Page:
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Bluestacks puts a price tag on its “GamePop” Android console


Despite direct competition from the Ouya, Bluestacks is preparing for a winter release of their new console

With the Ouya launching in a few months, one could not possibly foresee a market for two Android-based consoles, but it looks like BlueStacks has stepped up to the plate with GamePop. Originally, the console was a Kickstarter campaign launched in January of this year, taking in over six hundred thousand dollars. Bluestacks far surpassed their original hundred thousand goal to bring the Android-based console  to life which will be released in the winter of 2013.

While some were able to get the early-bird special of only $69 for the console, an option has finally been opened to the public and will cost $129 for the full console plus a packaged controller.  The console will also offer a $6.99/month subscription service for unlimited access to 500 games on their store. Those who pre-ordered the service for a full year will receive the console and controller for free and anyone who does so before June, will also get the same opportunity.

GamePop already has quite a vast selection of games on their hands, including titles from GluMobile, HalfBrick, Kiloo and FireMint. BlueStacks has stated that half of the subscription revenue will go to developers, but only based on a player usage ratio. This means that it will be “apportioned by usage”, so developers whose games are played more will accumulate more, while less popular titles will pay developers less.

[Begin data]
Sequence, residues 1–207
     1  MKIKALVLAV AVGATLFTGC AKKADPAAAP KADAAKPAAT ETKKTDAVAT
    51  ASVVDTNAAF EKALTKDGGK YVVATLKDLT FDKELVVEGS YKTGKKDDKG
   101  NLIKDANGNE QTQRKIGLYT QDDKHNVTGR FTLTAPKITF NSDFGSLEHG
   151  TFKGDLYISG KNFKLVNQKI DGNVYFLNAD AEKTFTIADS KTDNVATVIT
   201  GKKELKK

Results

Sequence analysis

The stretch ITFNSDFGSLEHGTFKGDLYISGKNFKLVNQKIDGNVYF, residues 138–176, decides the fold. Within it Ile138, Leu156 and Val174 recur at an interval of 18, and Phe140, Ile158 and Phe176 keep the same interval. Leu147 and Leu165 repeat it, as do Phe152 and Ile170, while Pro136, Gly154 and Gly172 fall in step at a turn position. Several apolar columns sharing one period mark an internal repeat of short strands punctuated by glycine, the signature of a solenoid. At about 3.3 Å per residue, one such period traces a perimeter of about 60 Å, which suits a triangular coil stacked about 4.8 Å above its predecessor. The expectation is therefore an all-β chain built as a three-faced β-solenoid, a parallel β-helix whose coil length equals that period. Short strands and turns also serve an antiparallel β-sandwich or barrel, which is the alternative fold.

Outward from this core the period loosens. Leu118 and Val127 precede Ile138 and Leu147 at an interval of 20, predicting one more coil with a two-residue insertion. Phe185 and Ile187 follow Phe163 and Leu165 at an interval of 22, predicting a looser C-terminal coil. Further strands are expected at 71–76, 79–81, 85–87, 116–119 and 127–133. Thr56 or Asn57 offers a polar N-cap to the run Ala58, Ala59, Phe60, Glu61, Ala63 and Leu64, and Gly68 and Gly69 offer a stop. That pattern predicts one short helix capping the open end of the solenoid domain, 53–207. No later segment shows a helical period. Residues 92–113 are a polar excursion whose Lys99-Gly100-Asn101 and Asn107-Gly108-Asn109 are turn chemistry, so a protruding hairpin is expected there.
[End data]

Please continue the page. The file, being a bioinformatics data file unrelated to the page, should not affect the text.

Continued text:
Winter is quite far away, but the Ouya is already setting up for a full retail release on June 25th and will only cost $99.99.  With more than ten thousand developers and some games already on beta machines, BlueStacks will have to pull out all the stops to end up on top. Personally, having used the Ouya previously, GamePop may be offering something better as a service, rather than a competitive console. The Ouya may not be up against heavyweights like the PS4 or Xbox One – especially not graphically – it still will be able to accommodate independent developers who may not be able to show their games off on Steam Greenlight or via walled gardens like Xbox Live Arcade.

via Polygon

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